In this series of posts, we sit down with a few of the keynote speakers of the 234th AAS meeting to learn more about them and their research. You can see a full schedule of their talks here!
Galaxies far, far away…
After nearly a century of study, we’ve learned a lot about galaxies. We know (mostly) what they’re made of: gas, dust, stars, and dark matter. We’ve been able to identify several different galaxy types: the basic “spiral” and “elliptical” classifications, but also more obscure varieties like “blue compact dwarf galaxies” and “post-starburst galaxies.” We have a pretty good idea about how they form: over-densities of dark matter in the early universe formed massive halos that pulled in gas, some of which formed stars, and larger galaxies were built up from mergers of smaller galaxies.
But the list of open questions about galaxies has grown faster than we’ve been able to get answers. And that’s because… well, because galaxies are really, really complicated.
Few people understand this as well as Dr. Alice Shapley. Shapley, a professor at UCLA and the 2019 Kavli Foundation Plenary Lecturer, will discuss these open questions at #AAS234 with her keynote lecture on “Key Outstanding Questions in Galaxy Formation and How to Answer Them.”
What are some of these outstanding questions? “One of them has to do with chemical enrichment in galaxies as a function of cosmic time,” says Shapley. “This is one of the most important components of a successful model of galaxy evolution.” This is a multi-faceted problem—how do stars in a galaxy enrich their surroundings with heavy elements? How do outflows and inflows of gas affect the chemical composition of galaxies in a process called the “baryon cycle”? As Shapley points out, “We still don’t really have an accurate model of [these processes].”
How can we improve our models? Shapley’s approach is to use spectroscopic information to tackle these questions. Spectra are treasure troves of information about galaxy properties, such as how quickly galaxies form stars, their chemical composition, and their dust content. “One of the things I’m super excited about is pushing some of our spectroscopic measurements […] to the early universe,” Shapley says. Right now, we have very few optical spectra of galaxies beyond redshift z~4—but that will soon change with the James Webb Space Telescope, a project that Shapley and other galactic astronomers are excited about.
Another big question Shapley aims to answer is how much galaxies contributed to the reionization of the universe. When the early universe cooled, it formed neutral hydrogen—but a large fraction of the hydrogen in the universe today is ionized. What role did galaxies play in this reionization?
Unfortunately, the main era of reionization ended around redshift z~6. It’s difficult to measure galaxies’ ionizing properties at this redshift, since the large amount of neutral hydrogen between these galaxies and the Milky Way obscures our line of sight. However, Shapley and collaborators have confirmed that some galaxies at redshift z~3 appear to be “leaking” Lyman continuum radiation (radiation that’s blue enough to ionize hydrogen). These lower-redshift galaxies may be analogues to the galaxies that were present during the main duration of reionization, making them excellent probes to test how galaxies can contribute to reionization.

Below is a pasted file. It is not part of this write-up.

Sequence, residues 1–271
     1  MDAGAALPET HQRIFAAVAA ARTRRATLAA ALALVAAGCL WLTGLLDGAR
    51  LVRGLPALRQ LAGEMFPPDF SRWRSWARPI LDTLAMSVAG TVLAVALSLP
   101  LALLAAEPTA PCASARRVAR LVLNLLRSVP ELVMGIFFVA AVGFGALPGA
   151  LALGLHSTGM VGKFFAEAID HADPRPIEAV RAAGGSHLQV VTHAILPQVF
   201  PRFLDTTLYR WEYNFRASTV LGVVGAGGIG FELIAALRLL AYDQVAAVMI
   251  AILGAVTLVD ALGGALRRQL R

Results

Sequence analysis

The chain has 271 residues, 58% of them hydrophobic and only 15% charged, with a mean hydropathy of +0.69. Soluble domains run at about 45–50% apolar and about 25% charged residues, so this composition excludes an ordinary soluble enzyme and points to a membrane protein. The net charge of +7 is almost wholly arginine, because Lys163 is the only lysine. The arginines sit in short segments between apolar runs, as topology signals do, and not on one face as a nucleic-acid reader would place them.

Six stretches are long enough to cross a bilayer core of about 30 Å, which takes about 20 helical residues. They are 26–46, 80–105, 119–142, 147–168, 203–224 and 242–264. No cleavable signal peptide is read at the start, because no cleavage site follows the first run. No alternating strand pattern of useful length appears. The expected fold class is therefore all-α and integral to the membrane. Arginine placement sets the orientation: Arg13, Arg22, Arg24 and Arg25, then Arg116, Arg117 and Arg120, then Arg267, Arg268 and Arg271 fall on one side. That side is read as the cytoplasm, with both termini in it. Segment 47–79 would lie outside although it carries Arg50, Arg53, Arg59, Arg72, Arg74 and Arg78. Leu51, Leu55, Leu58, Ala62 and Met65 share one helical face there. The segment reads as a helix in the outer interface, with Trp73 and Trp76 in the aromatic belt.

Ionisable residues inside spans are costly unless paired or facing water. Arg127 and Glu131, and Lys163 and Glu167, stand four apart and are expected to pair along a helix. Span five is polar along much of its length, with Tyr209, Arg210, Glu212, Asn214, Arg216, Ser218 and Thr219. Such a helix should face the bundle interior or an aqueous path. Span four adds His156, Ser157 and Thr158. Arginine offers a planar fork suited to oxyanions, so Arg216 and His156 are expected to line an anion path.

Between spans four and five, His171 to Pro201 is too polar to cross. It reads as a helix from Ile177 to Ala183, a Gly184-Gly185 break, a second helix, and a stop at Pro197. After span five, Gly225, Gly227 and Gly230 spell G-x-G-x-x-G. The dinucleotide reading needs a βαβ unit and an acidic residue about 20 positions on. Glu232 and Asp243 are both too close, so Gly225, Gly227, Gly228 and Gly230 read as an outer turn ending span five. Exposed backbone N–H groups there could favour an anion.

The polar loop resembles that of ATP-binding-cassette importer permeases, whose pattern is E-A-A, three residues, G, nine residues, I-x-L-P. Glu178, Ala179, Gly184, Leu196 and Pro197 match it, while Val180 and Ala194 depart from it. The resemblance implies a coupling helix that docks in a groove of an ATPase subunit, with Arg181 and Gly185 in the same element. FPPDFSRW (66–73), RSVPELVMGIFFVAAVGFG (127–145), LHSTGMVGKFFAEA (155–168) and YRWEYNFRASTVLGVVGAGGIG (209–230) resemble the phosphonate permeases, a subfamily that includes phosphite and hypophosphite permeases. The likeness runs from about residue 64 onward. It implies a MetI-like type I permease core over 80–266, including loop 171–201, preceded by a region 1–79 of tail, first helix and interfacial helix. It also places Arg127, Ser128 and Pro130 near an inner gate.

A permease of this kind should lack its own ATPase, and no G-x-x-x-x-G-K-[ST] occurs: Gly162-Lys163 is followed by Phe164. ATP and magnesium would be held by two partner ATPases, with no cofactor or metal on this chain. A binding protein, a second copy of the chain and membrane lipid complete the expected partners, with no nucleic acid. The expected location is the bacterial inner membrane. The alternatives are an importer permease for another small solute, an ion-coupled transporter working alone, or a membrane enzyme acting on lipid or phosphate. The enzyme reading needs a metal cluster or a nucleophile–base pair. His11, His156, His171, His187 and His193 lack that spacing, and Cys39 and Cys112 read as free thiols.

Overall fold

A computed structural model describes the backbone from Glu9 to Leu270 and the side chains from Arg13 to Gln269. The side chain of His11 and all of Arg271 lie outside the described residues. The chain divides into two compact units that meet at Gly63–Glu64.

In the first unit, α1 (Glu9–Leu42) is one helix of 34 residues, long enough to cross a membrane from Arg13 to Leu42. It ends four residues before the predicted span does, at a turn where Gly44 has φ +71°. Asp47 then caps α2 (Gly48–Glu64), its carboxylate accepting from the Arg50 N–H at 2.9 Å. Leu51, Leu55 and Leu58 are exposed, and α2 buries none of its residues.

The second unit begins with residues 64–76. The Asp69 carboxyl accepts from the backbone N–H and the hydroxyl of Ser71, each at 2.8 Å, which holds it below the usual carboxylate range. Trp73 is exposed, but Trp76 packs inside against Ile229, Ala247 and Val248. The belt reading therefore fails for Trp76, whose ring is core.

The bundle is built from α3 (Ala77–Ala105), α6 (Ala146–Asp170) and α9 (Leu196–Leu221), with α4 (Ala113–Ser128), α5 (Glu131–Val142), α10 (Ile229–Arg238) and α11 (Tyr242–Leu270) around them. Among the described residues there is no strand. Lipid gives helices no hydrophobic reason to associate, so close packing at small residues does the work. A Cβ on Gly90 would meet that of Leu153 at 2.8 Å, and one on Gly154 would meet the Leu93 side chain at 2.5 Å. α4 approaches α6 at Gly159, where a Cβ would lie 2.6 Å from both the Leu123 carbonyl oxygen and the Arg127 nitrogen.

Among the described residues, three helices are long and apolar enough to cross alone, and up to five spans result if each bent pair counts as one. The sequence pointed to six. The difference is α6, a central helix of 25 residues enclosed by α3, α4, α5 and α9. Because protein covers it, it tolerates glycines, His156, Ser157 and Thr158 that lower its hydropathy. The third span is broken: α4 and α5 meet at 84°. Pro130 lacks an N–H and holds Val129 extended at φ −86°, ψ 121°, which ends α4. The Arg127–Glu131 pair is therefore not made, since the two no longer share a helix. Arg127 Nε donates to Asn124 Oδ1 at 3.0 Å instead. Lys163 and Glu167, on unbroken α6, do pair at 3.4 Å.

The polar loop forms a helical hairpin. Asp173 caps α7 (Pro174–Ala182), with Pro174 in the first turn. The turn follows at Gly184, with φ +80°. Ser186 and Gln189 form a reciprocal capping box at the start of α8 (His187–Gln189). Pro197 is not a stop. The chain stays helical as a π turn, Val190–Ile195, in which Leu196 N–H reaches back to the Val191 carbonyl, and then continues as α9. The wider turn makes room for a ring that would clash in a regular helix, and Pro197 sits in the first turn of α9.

Shapley didn’t start studying questions of galactic evolution until she went to graduate school. “The field was completely wide open. When I started, it was all fair game—we didn’t know anything about galaxies beyond z~1.” Fortunately, she was able “to find an advisor with whom I had a really good relationship. […] I think that made a huge difference for me going forward.”
Shapley’s initial interest in astronomy was sparked when she was young. “I always trace my interest back to my fifth grade class,” she says. “We were watching a film strip about these mysterious objects called quasars […] that were so far away that when the light reached you from the quasar, you were looking back in time.” She then took a summer astronomy course, where she learned the basics of astronomy research. “Ninety percent is drudgery, then you have this wonderful a-ha moment when you realize ‘Oh my gosh, this is truly amazing!’” she remembers. And when she started undergrad, she eventually “found a home doing astronomy research.”
What advice does Shapley have for undergraduates interested in astronomy research now? “Read,” Shapley replies instantly. “You have to read papers, so that you can understand the context of your research. And not just astro-ph, but also the background and old papers in the field. That’s how I get most of my ideas!” (Some shameless self-promotion: Astrobites not only posts daily summaries of astro-ph papers, but also summaries of classic papers in astrophysics!)
“Oh, one more thing,” Shapley says. “Don’t be shy about asking questions during talks!”
So, if you want to ask Dr. Alice Shapley some questions, come check out her plenary talk at 8:30AM on Monday, June 10 at #AAS234!